In all, however, Randall’s Island served as an excellent venue for what has rapidly become one of the east coast’s biggest festivals. There was plenty of grassy, open space for chilling out with friends, and the easy-to-navigate layout made tent-hopping simple and convenient. Electric Zoo also ushered in a big first in festival production — the advent of 3-D visuals, which were employed to great effect by A-Trak, Steve Aoki and Diplo in the Riverside tent. We look forward to seeing more of this innovative technology in the coming weeks and months — though we can’t help feeling a little bereft now that summer festival season has officially come to a close. We would like to thank Made Event for putting all of this together and for Plexi PR for having this run so smoothly.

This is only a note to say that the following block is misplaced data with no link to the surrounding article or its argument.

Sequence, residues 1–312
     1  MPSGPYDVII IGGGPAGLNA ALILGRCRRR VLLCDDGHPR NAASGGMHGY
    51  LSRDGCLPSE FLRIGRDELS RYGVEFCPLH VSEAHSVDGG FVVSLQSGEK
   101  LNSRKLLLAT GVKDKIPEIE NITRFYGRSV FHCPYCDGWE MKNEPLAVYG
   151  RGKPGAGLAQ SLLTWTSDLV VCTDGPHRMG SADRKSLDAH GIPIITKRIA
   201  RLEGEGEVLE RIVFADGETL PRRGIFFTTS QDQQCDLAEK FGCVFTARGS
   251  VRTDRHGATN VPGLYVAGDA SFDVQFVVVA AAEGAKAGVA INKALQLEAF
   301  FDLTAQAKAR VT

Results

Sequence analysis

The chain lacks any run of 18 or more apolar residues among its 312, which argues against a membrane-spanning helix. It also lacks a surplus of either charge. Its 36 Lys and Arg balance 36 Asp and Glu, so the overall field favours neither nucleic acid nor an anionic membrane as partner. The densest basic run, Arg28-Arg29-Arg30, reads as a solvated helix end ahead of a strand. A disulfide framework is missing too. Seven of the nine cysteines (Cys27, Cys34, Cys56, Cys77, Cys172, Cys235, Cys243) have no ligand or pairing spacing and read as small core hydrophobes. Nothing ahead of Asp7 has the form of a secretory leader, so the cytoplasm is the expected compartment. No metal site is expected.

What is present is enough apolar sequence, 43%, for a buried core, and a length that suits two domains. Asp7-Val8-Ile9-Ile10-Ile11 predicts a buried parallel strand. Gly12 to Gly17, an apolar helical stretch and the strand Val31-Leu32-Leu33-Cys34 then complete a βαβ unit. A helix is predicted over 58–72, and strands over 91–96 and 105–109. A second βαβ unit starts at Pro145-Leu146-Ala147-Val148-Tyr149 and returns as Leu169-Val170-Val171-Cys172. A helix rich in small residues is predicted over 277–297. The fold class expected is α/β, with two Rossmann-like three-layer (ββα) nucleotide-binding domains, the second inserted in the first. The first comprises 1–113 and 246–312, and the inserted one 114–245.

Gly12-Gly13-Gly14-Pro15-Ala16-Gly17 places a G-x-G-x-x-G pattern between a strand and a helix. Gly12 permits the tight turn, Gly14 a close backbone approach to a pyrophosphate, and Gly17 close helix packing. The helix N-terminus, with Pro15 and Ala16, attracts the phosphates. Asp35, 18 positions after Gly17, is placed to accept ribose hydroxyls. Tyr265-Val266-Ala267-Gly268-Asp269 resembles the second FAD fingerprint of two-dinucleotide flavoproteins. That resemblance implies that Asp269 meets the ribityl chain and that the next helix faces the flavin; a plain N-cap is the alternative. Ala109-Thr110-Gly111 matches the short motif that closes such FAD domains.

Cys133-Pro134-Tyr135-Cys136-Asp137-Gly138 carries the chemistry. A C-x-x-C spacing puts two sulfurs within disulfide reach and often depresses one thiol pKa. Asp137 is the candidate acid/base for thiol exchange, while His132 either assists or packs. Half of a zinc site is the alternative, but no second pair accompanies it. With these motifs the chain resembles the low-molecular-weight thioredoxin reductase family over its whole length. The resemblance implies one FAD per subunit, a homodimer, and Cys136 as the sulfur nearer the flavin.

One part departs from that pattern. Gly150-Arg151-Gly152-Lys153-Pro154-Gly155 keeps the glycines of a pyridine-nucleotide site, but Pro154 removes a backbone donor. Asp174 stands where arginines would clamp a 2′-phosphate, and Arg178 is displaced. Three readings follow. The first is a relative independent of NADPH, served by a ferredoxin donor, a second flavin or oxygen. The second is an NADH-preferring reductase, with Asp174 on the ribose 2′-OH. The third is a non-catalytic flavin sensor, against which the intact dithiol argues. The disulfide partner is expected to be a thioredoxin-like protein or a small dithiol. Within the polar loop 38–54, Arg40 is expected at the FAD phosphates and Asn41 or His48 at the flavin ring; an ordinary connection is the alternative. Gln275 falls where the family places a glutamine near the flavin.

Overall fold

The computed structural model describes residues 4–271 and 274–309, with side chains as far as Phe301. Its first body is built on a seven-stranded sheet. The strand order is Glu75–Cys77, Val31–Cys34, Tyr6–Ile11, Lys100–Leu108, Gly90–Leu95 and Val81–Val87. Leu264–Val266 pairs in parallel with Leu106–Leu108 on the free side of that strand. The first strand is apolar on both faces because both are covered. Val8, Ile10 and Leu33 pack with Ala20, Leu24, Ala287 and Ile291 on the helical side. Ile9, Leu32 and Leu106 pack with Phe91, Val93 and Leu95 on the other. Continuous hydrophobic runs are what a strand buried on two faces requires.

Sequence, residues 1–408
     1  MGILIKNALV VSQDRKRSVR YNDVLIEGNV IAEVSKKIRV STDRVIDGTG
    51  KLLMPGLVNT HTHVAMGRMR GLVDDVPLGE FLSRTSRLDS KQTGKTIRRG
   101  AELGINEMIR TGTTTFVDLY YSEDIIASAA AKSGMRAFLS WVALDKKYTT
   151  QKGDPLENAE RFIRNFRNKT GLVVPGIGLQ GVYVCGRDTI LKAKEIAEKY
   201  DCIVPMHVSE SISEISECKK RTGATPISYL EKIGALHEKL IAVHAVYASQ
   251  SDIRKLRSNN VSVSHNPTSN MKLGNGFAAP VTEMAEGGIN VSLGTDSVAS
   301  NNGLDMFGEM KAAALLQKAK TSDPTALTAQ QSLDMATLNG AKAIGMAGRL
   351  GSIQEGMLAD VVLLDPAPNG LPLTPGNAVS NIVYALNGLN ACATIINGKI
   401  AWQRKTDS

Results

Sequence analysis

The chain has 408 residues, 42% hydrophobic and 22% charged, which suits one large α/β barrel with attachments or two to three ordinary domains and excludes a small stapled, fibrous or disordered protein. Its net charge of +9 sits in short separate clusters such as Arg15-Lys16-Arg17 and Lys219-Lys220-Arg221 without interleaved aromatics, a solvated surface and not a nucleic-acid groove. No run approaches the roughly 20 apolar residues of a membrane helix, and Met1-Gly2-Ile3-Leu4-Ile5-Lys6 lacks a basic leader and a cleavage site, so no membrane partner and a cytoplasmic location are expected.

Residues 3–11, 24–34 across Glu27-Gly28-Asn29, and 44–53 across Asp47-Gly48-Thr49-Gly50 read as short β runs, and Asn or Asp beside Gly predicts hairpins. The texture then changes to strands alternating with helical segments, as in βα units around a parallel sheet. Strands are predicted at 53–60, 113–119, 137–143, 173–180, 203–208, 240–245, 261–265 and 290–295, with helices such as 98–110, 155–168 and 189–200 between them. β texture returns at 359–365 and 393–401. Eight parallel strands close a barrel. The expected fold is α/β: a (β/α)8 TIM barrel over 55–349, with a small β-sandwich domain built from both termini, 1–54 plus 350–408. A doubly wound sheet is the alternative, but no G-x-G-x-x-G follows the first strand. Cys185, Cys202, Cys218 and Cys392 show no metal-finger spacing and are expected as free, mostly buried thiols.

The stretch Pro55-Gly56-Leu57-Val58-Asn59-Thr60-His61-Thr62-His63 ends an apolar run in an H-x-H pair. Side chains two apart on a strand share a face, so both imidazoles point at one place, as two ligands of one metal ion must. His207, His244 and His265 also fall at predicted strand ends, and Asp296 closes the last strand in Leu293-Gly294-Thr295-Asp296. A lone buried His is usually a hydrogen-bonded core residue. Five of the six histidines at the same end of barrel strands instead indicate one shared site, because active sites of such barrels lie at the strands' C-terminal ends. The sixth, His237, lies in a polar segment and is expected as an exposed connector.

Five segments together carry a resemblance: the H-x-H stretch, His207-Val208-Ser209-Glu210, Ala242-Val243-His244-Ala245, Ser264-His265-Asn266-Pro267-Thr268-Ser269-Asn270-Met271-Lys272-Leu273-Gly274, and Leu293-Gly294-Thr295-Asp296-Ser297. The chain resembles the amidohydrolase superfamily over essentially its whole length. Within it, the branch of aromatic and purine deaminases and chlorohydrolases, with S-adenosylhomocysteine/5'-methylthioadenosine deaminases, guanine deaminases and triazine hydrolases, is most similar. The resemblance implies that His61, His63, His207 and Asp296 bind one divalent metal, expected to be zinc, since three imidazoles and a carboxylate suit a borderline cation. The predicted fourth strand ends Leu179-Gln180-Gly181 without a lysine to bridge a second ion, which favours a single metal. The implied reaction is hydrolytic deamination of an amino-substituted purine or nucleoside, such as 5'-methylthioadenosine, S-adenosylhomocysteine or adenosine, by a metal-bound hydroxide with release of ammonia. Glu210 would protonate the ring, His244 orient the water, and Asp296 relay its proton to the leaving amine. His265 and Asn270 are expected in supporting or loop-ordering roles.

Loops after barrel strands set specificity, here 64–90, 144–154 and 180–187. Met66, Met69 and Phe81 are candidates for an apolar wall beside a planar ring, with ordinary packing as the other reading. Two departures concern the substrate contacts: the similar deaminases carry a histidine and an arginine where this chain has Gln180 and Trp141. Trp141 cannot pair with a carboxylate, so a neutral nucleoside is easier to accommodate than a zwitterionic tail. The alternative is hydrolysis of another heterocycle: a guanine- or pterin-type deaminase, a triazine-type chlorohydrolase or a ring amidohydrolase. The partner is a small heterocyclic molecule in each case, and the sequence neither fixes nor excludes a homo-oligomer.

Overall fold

Middy: A-Trak, Porter Robinson, Above & Beyond (mainstage), Sasha, W&W

Spice: Above & Beyond (mainstage), Mord Fustang, Bingo Players, Excision, W&W